Project Details


Experiments are proposed to investigate the role of the Ras-mitogen activated protein kinase (MAPK) signal transduction pathway in mediating the mammary cancer promotional activity of Linoleic acid (LA), a prominent fatty acid present in the typical Western type diets. We have observed that, compared to a low fat diet, feeding a LA-rich, corn oil-based high fat diet resulted in a significant increase in the number of N-methyl-N-nitrosourea (MNU)-induced rat mammary carcinomas without a Ha-ras codon 12 G A mutation (wild type at codon 12, abbreviated as Wtras 12), but no change of those with the mutation (mras12). We hypothesize that LA or its metabolites exert this selective promotional effect through interactions with the Ras- MAPK pathway. AIM 1 will test the hypothesis that LA or its metabolites promote mammary carcinogenesis through an upregulation of the expression of Raf-1 and MAPKK2 and the resulting MAPK activation. AIM 2 will test the hypothesis that LA or its metabolites (e.g., phosphatidic acids) enhance the in vivo Ras activity by interfering with the Ras/GAP interaction and the increased in vivo Ras activity accounts for MAPK activation and cancer promotion. The in vivo approaches proposed include examining the effect of increasing LA intake on MNU-induced carcinogenesis and the expression of the MAPK cascade components; effect of intraductal infusion of LA or its metabolites into mammary glands on Ras and MAPK activities, and gene transcriptional regulation; and the effect of retroviral mediated Raf-1 gene transfer on MNU-induced carcinogenesis. The high fat-human breast cancer connection is highly controversial, yet animal studies have consistently shown a mammary cancer promotional activity of high fat diets rich in LA. The research in this proposal may provide a strong rationale for a paradigm shift in fat- associated cancer risk assessment to be based on the intake of specific fatty acids, rather than of total fat, and the pathogenetic pathways that initiate and promote cancer development. If our hypothesis is valid and is extrapolatable to human carcinogenesis, a strong justification can be made for recommending that specific populations of individuals at risk for breast cancer modify their fat consumption pattern or reduce fat intake to achieve gene/pathway-specific prevention.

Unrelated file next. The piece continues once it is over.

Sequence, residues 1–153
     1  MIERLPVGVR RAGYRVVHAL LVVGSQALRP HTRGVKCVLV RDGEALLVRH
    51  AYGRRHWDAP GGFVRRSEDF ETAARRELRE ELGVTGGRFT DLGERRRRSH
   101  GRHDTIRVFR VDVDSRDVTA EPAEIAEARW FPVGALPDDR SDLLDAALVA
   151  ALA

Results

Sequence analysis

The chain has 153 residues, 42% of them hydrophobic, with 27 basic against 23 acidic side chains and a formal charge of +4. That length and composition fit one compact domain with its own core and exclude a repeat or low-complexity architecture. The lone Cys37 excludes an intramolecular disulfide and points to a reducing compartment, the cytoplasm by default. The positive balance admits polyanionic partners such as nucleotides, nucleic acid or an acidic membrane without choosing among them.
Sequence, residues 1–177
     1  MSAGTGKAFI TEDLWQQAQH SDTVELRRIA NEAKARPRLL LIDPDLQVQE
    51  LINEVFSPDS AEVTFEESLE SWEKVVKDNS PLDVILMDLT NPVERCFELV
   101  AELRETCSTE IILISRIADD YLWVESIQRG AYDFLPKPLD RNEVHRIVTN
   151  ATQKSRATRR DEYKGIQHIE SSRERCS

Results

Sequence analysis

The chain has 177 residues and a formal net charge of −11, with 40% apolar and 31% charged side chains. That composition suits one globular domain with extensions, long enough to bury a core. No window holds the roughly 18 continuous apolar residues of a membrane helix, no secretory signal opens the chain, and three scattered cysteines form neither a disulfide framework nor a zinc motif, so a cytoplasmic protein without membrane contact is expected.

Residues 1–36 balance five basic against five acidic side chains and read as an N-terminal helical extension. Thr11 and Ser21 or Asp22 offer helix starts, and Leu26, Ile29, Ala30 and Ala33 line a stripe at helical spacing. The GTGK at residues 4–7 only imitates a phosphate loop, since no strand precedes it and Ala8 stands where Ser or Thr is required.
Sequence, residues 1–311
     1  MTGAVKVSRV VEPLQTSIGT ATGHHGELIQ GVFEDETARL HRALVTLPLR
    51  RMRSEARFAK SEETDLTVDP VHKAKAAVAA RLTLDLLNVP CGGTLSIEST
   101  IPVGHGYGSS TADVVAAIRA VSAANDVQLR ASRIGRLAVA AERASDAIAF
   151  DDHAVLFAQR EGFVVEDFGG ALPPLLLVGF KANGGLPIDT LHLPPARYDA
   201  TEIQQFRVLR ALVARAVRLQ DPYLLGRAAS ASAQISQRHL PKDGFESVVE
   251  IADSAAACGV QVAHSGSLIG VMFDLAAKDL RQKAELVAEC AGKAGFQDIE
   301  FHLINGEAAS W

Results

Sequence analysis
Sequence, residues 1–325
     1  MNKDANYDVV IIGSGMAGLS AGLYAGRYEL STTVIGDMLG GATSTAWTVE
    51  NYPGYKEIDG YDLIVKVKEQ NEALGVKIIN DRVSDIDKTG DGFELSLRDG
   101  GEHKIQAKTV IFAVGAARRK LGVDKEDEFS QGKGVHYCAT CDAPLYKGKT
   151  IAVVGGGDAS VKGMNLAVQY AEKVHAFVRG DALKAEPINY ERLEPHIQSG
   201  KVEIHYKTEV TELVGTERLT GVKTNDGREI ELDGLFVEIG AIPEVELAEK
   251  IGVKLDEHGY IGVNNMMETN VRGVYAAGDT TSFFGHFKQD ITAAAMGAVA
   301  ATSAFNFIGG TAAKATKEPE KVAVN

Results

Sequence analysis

Effective start/end date5/16/974/30/03


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